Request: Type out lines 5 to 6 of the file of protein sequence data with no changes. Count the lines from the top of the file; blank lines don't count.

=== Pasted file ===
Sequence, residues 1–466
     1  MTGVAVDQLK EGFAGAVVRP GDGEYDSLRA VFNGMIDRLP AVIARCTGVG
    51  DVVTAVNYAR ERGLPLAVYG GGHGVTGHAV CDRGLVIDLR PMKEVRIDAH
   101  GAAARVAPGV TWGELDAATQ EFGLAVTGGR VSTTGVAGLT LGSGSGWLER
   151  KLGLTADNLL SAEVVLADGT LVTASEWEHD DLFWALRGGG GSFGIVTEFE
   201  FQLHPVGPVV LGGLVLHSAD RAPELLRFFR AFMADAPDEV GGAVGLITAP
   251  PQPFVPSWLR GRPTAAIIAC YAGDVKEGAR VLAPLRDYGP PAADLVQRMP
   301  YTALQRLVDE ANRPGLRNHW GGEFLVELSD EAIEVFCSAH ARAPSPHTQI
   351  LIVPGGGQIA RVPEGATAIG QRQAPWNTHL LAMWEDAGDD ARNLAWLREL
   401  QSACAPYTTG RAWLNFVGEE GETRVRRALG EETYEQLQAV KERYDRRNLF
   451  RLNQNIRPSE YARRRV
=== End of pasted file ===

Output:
   151  KLGLTADNLL SAEVVLADGT LVTASEWEHD DLFWALRGGG GSFGIVTEFE
   201  FQLHPVGPVV LGGLVLHSAD RAPELLRFFR AFMADAPDEV GGAVGLITAP